Humble people know they’re alright, because they know who they are and more importantly who God is. They’ll work, but they know that when their work is the hand of the Man from Galilee. And if you forget, God’ll remind you. Don’t forget, he tells David: you were a shepherd from the sticks. Saul could have killed you. Goliath should’ve killed you. All you are, is because of what I brought you from and through. That’s what this cross behind me is about. A fixed reminder of how broken and lost we are without the miracle working grace of our Lord. That’s what communion is about. Look at that cross, the bread and the juice. That tells you where you came from. No high society in the KG. You all come to be heirs to the Kingdom of God by the way of Jesus, by the way of the cross. I say “I’m a criminal, I’m a sinner in the sight of a holy God, worthy of his condemnation, broken and wretched. But in his mercy and grace and kindness and blessing, he gives me his forgiveness and life, to make be blessed and righteous.”

The humble relax because they know God’s Plans are Always Better than Ours.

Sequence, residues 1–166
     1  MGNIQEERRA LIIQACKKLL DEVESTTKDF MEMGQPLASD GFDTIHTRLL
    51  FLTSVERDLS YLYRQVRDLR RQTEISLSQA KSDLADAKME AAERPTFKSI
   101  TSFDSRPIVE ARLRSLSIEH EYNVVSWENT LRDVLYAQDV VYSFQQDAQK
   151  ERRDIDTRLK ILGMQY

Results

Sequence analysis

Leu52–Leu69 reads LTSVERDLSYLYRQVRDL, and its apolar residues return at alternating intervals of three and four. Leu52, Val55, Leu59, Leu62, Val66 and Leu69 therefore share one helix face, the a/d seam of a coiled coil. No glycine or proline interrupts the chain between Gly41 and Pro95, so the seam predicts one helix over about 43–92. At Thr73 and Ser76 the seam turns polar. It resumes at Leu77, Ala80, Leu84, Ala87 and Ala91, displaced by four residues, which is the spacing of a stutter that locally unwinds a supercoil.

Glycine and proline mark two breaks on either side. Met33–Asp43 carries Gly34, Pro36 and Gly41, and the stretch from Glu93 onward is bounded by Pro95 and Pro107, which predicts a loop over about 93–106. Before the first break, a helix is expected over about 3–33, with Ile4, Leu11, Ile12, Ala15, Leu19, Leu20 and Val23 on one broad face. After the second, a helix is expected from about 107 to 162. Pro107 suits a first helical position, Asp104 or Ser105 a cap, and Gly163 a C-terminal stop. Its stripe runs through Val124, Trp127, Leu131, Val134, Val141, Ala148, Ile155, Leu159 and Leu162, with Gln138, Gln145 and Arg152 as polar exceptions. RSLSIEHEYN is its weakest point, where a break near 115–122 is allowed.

God didn’t just interrupt David’s plans. He improved upon em. Notice the text says, that David’s lineage would be “Blessed forever.” That’s a lot better than a Temple. The humble person welcomes God’s interruptions because he knows what God will do will be better than what we can imagine. Nobody thought on the other side of that cross would be a crown. You can’t imagine that on the other side of that marriage, is a miracle. On the other side of that sickness, is a reward. On the other side of trial is triumph. When God interrupts, he always improves. The prideful person can’t handle it because he can’t imagine a world in which his plan isn’t the best. But the humble person knows, “I might make my plans to build a Temple, but the Lord’s going to secure my eternity.”

How can you Get Humility? (vs 16-27).

No 1-2-3 easy process. This is heart-work. It takes a work of the Spirit of God to change people from the inside out. It’s a change wrought in the heart. But I think David gives us a good model. When the Lord interrupts…

Get in the Lord’s presence (16). Sit down (16).  Realize how small you are (17). Realize how sweet God is (18-27).

Dr. Ben Stubblefield is the Pastor of of FBC Jackson in Jackson, AL, and graduate of the Southern Baptist Theological Seminary and Auburn University.